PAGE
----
Don’t miss the opportunity to save on your taxes
This time of the year, many people start thinking about year end tax planning. An often-integral part of tax planning involves the potential for tax-loss harvesting in your taxable portfolio. What we are going to discuss below can only be done in taxable accounts (i.e. individual, joint, UTMA’s, Trusts) and does not apply to IRA or other tax deferred accounts.
We continue to see back and forth trade posturing between the United States and foreign trading partners and expect this to continue throughout the remainder of 2018. With that being said, the U.S. and Canada reached a deal after a lengthy negotiation. The new “United States-Mexico-Canada Agreement” (USMCA) is a reworking of NAFTA and hopes to bring more jobs into the U.S. Despite this trade uncertainty in quarter 3, the American economy advanced. In the 3rd quarter of 2018, U.S. stocks once again performed well seeing momentum from U.S. growth and strong earnings reports. The trade concerns and other political uncertainty has continued to put pressure on international markets. Emerging market stocks slid slightly while Europe continues to struggle as the United Kingdom’s negotiations to “Brexit” from the European Union leads to continued uncertainty for the region. Fixed income markets remain a challenging place to invest as interest rates continue to rise.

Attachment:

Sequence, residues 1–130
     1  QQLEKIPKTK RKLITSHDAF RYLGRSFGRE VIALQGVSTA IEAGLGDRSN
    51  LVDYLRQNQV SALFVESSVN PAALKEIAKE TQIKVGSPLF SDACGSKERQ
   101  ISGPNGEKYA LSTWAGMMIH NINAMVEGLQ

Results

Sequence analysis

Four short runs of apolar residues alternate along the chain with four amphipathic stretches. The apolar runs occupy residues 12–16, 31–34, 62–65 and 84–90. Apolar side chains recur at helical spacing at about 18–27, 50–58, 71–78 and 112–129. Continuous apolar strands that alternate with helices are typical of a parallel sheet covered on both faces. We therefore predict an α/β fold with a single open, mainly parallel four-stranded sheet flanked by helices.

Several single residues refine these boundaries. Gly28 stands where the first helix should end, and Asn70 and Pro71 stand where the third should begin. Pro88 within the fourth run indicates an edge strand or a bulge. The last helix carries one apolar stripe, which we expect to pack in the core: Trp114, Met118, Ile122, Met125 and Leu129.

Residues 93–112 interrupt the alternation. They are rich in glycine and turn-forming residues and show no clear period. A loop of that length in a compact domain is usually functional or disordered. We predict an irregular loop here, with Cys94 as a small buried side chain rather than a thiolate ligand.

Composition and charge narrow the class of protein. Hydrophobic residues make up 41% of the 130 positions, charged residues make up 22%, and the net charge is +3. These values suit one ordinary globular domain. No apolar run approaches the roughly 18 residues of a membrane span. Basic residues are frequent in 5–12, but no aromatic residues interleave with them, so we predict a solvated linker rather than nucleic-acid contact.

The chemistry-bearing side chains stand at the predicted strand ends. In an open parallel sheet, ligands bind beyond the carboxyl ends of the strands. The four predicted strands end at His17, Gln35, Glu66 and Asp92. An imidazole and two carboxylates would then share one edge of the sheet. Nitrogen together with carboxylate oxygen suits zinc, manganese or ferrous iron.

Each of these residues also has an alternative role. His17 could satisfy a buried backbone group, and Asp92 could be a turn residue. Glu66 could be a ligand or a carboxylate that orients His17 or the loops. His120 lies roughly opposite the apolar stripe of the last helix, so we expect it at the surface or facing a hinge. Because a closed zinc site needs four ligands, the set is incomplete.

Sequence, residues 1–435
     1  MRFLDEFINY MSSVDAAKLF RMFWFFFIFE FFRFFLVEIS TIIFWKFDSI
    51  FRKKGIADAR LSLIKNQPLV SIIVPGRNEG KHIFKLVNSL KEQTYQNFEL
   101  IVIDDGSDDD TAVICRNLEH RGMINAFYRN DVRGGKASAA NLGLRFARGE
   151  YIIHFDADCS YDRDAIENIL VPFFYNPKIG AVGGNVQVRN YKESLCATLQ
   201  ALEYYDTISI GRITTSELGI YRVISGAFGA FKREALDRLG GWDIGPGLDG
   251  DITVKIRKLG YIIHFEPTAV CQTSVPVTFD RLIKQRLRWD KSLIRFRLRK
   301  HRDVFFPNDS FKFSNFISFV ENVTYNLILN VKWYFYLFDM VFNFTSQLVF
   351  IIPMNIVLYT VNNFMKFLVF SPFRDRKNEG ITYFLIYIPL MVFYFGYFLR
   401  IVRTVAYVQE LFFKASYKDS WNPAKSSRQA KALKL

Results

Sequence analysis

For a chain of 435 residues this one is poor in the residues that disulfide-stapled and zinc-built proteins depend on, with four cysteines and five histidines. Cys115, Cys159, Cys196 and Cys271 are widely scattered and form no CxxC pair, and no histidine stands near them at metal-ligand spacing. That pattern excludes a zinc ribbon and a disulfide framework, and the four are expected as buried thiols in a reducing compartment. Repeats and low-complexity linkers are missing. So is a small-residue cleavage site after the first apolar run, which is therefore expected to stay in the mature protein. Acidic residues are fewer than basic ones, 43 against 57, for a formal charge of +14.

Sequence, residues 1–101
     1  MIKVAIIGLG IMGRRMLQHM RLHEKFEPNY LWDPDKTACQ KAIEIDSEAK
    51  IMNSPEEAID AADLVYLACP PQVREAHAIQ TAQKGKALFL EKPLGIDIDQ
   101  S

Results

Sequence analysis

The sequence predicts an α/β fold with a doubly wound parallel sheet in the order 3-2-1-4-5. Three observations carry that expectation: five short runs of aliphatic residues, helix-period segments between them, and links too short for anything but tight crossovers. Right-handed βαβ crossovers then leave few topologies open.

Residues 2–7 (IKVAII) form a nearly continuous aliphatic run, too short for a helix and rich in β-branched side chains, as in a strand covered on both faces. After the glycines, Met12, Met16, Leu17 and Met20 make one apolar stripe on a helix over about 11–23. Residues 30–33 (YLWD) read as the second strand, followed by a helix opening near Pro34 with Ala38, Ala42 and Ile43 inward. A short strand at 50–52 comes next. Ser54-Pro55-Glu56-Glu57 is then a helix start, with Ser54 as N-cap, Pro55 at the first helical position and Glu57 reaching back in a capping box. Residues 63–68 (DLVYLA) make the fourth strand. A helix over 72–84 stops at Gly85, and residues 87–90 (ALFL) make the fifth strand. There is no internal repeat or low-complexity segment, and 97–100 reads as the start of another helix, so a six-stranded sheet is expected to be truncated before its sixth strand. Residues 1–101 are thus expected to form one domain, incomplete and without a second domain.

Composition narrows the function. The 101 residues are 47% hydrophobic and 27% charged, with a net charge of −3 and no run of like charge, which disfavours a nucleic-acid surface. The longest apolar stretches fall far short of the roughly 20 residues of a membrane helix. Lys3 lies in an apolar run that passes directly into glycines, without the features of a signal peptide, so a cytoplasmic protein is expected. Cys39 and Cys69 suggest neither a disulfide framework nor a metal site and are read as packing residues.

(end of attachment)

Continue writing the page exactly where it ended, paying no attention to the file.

Expertly Riding the Waves of Volatility
We have prepared this piece to reiterate what we should all know, understand, and believe if we are going to own stocks in our portfolios. We look forward to continuing to educate you to help you stay well-informed and continue to watch our financial markets closely.
Why do we invest in stocks?
Quite simply, the reason we invest in stocks is because over the last 100 years they have illustrated again and again that if you invest for the long-term that you will, on average, receive about a 10% annual average return. This 10% return is about 40-50% higher than the return from bonds and about 50-60% higher than the returns from cash over that same 100 year period. Arguably, the excess returns over bonds and cash will be higher in the low interest rate environment we have become accustomed to for some time now.
Easing the burden of paying for education
The Tax Cuts and Jobs Act of 2017 will expand the use of 529 Plans to allow savers to accumulate money and pay for education on a tax-free basis. Before we discuss the changes let’s review the basics. A 529 Savings Plan is an education savings plan operated by a state or educational institution designed to help families set aside funds for future college costs. You are not required to use the 529 in your domicile state and your plan, regardless of which state is the sponsor, can be used for any college in any state. Contributions to a 529 Plan are invested and grow tax deferred. If the funds are ultimately used for education, distributions come out federally tax-free. Contributions to the plan qualify for the $15,000 annual gift tax exclusion. The Plan has to have a named donor and a designated beneficiary. The donor of a Plan retains control indefinitely and only the donor can request withdrawals and can close the account at any time. However, if the funds are used for anything other than education, the earnings portion of the account is subject to income tax plus a 10% penalty. Most plans allow for lifetime contributions of $300,000 or more.